The evening session was saved by the excellent Threshold, who were truly magnificent, although didn't quite pip the previous day's headliners for the laurels as best band. They played a set that covered their full canon of albums and as such was perfectly structured in terms of pace and energy. Enjoyment oozed from the stage and the audience were fully engaged and lapping it up. Damian Wilson handled a difficult situation well with an over zealous (possibly drunk) fan pulling at his legs and generally being annoying. Such was the quality of the band's performance that they were called back for an unscheduled encore.

There are those who were unable to stay for the Sunday session but I'm sure there were many who looked at the line-up and decided that, as there were no 'major' names, they wouldn't bother. Well, let me tell them that they missed a treat and arguably the most consistent day for performances. First up were Loreweaver from Italy. Having reviewed their album I knew what to expect and had been telling anyone who would listen that they'd be special, and they didn't let me down. They were sensational with a set full of great songs and terrific musicianship which reminded me of early Dream Theater with a female vocalist (Barbara Rubin) who produced one of the best performances of the weekend. They were that good that the crowd would not be denied an encore.

Haken were impressive although possibly a little bit too clever and meandering for their own good at times. Clearly they are a very accomplished outfit that probably needs a few more memorable tunes to really give them the breakthrough. I wasn't expecting to enjoy the Goth/Death Metal amalgam from Hanging Doll but looks can be deceptive. The growling vocals were low in the mix and used as backing rather than leading. Juxtaposed with female lead vocals this worked really well and they were very tuneful, making them yet another name to watch.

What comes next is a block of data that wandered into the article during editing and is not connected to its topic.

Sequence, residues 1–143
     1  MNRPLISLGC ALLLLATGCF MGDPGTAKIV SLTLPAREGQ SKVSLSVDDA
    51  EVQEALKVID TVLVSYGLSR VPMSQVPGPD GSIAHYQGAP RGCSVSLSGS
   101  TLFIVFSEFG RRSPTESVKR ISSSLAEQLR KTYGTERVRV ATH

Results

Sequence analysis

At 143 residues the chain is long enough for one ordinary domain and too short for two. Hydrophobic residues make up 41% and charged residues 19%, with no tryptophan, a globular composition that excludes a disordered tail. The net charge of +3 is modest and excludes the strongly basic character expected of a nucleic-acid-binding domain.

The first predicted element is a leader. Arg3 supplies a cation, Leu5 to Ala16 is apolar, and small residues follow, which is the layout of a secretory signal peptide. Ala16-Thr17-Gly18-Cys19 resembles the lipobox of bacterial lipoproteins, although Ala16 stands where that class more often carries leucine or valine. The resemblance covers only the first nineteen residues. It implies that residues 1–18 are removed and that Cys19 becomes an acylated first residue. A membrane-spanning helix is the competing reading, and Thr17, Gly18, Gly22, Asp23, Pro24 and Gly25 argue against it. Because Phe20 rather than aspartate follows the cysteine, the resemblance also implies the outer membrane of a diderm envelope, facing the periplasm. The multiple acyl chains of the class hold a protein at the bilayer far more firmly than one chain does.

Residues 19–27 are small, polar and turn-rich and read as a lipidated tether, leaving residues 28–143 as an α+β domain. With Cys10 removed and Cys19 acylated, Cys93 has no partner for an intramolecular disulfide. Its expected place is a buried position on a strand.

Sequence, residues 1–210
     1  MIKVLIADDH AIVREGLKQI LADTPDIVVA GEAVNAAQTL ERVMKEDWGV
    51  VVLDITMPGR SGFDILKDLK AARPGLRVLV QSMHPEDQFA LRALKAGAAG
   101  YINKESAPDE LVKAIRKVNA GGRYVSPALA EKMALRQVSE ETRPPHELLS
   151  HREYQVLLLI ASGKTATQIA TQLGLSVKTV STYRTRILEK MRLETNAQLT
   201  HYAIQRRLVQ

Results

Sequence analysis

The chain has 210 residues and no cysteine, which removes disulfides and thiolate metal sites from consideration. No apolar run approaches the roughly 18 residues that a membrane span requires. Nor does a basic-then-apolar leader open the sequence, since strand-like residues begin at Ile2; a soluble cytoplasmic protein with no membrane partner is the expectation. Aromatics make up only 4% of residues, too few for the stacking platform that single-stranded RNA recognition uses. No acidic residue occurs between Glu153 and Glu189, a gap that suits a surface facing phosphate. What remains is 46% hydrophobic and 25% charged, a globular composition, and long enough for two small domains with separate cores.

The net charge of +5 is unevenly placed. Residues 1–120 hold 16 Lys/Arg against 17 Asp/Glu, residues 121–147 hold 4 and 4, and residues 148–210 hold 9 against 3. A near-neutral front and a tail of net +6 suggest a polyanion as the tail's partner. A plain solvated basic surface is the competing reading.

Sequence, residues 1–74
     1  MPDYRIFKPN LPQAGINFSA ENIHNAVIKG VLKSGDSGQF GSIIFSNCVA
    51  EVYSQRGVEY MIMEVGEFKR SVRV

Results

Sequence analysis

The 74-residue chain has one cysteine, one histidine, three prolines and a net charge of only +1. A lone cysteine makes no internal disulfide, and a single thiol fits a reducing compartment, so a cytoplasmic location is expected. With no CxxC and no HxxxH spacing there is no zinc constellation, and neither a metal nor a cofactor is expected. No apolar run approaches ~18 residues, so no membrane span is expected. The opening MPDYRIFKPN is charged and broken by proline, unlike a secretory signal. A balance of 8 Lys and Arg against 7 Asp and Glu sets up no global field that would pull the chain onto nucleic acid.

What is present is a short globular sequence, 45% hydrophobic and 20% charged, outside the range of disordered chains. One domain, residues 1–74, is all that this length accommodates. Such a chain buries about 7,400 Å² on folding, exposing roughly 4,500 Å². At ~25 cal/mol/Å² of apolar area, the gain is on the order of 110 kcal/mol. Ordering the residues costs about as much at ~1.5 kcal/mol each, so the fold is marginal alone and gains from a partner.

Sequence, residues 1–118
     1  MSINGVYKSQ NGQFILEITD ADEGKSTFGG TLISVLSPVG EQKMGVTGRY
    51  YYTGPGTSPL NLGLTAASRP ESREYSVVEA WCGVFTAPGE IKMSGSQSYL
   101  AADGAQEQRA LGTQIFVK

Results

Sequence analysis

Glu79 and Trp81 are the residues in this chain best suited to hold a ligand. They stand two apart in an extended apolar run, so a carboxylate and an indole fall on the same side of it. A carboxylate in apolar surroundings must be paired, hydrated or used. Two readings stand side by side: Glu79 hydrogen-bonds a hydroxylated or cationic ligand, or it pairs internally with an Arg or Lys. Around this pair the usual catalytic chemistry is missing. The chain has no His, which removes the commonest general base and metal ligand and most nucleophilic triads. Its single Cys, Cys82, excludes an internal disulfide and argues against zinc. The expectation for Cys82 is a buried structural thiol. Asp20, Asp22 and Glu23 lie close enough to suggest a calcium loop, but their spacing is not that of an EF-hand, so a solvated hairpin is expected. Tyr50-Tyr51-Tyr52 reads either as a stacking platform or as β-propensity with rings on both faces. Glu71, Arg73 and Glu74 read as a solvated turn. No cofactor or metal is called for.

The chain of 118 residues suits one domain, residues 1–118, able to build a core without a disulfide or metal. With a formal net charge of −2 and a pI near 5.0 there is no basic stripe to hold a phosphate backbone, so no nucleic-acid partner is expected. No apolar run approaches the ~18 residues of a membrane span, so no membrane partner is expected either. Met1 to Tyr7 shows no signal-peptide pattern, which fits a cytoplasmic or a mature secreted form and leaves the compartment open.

The closing two bands of the weekend both came from The Netherlands and they elicited rather different emotions. I'd not heard of Day Six but two songs in I'd snapped up both their albums from the merchandise table, I was that impressed. Tighter than Biff Byford's spandex trousers they managed to combine huge riffs, incredible time changes and theme switches, all whilst remaining highly melodic. Guitarist/vocalist Robbie van Stiphout was a veritable dervish throughout the set. Again, it was no surprise when an encore was demanded and duly delivered.

Kingfisher Sky
closed the event, and even those of us with their albums who expected big things felt they didn't live up to their headlining status. Part of the problem was that they were the only band who brought their own sound engineer and lighting technician (everyone else had used the excellent in-house team who had been spot on all weekend), consequently they played in semi darkness and were way too loud. In fact I had to retreat to the back of the hall because the high notes were actually hurting my ears. The songs seemed rather formulaic and the lack of backing vocals seemed to highlight the sameness of the lead vocals which became rather monotonous. A two hour set was too long.

Up and downs aside this was a brilliant event so let's hope that it covered its costs and there will be a Fused 2012.

Gary Marshall